NORWICH – The National Weather Service has once again renewed the certification of the City of Norwich as StormReady under a nationwide program to help communities guard against the ravages of severe weather. The City’s StormReady designation, first obtained in 2001, was renewed in 2003, 2006, 2009, and 2012 which now exceeds a decade of a higher level of preparedness for severe weather. The City will keep its StormReady designation for another three years.
“Communities have fewer fatalities and lower property damage if they plan for disasters that potentially threaten them before the disaster occurs,” said David J. Nicosia, Warning Coordination Meteorologist with the National Weather Service in Binghamton. “The City of Norwich has maintained and expanded the skills necessary to protect lives and property from severe weather and flooding, both before and during the event.”
“We know that severe weather is one of the biggest threats to our community,” said Mayor Maiurano. “Knowing how susceptible we are to flooding and other serve weather, we work to constantly improve our ability to handle weather disasters that could affect the citizens of our City.”
Norwich was the first community in New York State to be declared StormReady over 10 years ago and among the first 75 counties or communities nationwide to gain this recognition. To date, over 2,000 communities and counties in the country have received StormReady designation. No community is storm proof but StormReady is designed to help communities save lives and limit the impacts.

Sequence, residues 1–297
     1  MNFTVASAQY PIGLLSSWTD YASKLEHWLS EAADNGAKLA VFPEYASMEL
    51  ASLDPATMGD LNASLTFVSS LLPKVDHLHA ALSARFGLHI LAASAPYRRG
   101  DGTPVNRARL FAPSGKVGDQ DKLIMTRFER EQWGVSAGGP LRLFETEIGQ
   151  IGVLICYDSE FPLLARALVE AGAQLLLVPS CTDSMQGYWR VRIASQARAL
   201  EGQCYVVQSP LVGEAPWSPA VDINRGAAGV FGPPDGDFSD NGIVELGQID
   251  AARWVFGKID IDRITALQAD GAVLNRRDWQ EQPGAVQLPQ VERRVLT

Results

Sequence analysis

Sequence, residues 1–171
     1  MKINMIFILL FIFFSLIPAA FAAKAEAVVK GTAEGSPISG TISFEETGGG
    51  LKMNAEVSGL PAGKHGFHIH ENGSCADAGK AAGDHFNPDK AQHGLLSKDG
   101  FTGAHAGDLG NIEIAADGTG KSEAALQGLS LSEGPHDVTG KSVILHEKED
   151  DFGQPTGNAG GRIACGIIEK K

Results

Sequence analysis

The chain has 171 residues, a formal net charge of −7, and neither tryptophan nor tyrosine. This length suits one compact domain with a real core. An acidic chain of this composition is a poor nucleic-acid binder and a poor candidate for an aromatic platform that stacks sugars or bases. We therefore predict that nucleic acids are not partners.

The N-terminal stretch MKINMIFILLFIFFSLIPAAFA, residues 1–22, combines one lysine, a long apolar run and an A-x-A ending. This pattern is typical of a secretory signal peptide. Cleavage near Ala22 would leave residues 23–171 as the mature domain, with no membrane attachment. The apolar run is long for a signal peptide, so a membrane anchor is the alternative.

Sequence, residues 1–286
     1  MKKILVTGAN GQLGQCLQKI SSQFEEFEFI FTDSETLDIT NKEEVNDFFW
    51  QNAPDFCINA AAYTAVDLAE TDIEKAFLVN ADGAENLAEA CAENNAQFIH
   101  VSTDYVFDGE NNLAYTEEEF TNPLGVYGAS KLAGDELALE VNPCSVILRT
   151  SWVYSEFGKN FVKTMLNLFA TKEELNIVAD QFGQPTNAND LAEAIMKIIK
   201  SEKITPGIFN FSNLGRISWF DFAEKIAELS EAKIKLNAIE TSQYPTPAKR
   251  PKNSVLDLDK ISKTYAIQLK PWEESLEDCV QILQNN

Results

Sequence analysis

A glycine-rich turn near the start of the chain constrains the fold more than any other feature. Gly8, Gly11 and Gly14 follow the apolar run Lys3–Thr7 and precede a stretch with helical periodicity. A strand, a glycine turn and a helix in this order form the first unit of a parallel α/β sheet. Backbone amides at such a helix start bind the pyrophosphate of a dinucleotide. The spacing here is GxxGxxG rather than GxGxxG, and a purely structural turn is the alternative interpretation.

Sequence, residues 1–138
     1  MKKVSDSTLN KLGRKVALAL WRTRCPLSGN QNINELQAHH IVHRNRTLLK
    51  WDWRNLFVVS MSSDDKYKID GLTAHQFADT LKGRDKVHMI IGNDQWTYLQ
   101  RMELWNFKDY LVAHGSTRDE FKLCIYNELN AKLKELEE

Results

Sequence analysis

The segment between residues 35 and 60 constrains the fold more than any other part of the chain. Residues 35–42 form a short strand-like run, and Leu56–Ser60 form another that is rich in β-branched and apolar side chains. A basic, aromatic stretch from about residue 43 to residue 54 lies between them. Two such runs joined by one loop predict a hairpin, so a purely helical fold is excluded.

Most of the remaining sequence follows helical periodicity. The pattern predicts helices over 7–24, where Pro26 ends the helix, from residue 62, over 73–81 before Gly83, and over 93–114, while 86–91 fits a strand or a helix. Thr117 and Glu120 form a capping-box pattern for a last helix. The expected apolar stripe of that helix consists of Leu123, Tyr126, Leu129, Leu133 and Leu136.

“One of the main goals of StormReady is to enhance the partnership between the National Weather Service and local emergency management officials for warning the public of severe weather,” said A. Wesley Jones, Director of the City Emergency Management Office. “Our StormReady designation is an especially important accomplishment since the City of Norwich has a long history of severe weather, especially flooding.”
According to Nicosia, to be recognized as StormReady, a community must:
• Establish a 24-hour warning point and emergency operations center;
• Have multiple ways to receive severe weather warnings and forecasts and to alert the public;
• Create a system that monitors weather conditions locally;
• Promote the importance of public readiness through community seminars;
• Develop a formal hazardous weather plan, which includes training severe weather spotters and holding emergency exercises.
“The City of Norwich has continued to far exceed all of the requirements of the StormReady program,” Nicosia said.